From : History of the Township of Kingston, by Neil A. Paterson, ISBN 0-9691849-0-5, printed by Brown and Martin, Kingston, ON
This is the sale by the Crown, Queen Victoria, to: “Patrick Mc Manamin of the Township of Kingston, in the Midland District, Merchant, his heirs and assigns, at and for the price of One hundred and thirty pounds ten shillings. Lot Number Thirty five in the fifth concession of the said Township of Kingston.”
This is now known as the Draper Farm, the stately farmhouse is owned by Phil and Judy Quintin who loaned us this and other historic documents.
In 1855 Mary, the wife of McManamin, sold this land to William Spence of the Township of Tyendinaga in the County of Hastings, for twelve hundred and fifty pounds, almost ten times as much as the price of the first sale , a rapid increase in value from 1848 to 1855, just seven years.
The deed that transferred the Draper farm from Richard Draper the elder to Richard Draper the younger “in consideration of natural love and affection and of the sum of one Dollar of lawful Money of Canada now paid by the said party of the second part to the said party of the First part…” Dated 1875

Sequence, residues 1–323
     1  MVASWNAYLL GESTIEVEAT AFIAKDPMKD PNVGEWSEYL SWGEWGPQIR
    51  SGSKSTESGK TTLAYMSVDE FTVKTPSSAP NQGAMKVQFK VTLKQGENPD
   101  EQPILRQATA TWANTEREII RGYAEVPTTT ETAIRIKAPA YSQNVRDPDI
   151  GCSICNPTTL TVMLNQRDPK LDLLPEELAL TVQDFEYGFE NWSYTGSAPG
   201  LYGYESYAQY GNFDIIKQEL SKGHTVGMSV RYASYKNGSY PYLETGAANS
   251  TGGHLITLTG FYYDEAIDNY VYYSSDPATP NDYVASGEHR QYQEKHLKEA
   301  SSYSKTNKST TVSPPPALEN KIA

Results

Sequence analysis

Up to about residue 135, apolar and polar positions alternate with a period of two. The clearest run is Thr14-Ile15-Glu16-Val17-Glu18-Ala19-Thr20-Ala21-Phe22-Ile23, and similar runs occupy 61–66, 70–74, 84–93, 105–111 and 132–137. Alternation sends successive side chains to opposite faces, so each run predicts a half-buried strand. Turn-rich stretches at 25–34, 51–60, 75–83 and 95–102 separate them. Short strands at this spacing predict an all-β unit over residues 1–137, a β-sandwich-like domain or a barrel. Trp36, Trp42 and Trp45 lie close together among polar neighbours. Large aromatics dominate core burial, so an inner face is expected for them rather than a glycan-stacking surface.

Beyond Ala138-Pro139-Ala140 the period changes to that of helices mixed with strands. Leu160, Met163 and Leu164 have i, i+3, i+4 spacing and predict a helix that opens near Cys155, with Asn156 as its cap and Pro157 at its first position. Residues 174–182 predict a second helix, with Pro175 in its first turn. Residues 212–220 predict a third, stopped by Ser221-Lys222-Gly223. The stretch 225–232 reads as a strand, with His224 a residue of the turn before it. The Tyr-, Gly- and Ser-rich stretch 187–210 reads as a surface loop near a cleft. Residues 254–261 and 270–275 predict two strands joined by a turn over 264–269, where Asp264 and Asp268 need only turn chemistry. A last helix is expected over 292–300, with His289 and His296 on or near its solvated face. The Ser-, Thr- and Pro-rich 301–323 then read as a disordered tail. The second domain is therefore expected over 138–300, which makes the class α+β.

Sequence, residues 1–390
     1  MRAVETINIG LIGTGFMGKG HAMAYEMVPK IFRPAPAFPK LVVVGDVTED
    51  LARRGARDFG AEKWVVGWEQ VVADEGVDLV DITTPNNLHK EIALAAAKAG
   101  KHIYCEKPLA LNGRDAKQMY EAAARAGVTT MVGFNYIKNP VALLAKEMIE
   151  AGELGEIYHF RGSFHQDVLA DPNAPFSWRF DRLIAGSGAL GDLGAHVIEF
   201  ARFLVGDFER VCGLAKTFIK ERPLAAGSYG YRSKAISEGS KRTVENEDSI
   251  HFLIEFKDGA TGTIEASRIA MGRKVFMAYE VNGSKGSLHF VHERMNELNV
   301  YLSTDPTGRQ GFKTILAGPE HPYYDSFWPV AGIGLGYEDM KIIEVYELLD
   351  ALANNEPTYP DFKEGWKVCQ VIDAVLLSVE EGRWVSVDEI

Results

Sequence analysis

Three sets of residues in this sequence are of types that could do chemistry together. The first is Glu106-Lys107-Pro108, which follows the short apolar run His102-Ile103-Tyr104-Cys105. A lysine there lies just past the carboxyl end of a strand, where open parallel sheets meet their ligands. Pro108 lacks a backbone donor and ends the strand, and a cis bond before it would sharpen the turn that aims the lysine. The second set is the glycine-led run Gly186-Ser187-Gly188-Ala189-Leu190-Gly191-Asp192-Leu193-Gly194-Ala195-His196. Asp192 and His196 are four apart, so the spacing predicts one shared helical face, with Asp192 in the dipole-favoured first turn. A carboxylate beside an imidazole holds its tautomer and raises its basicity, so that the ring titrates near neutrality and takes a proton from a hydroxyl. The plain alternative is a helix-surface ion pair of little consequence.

We do not know when Richard Draper, the elder, bought this land.
This is page two and three of the deed. Page four was blank.
This map dated 1878 shows the names of the farmers with the main lots of 200 acres between two county roads. The black dots or small squares are farm houses.
The Draper farm is divided by the Aragon road, also called a “forced road” and the land is also partly submerged by the flooding of the southern section over an area of about 30 acres, this is now Draper Bay.
The right lower part of the map is reproduced in more detail below with the area bounded by Unity Road in the upper part, Battersea Road to the left and the Aragon Road taking off to the right, ending at the limestone farm house, owned by John Hogan, just before the current Alan Point Drive that extents to the edge of the water with a cluster of new homes. The road cuts through the farm lots and therefore was called a “forced road” it was different from a county road that separated the 200 acre lots that were sold from the Clergy Lands. Smaller lots on the map might have been subdivided and sold from larger parcels.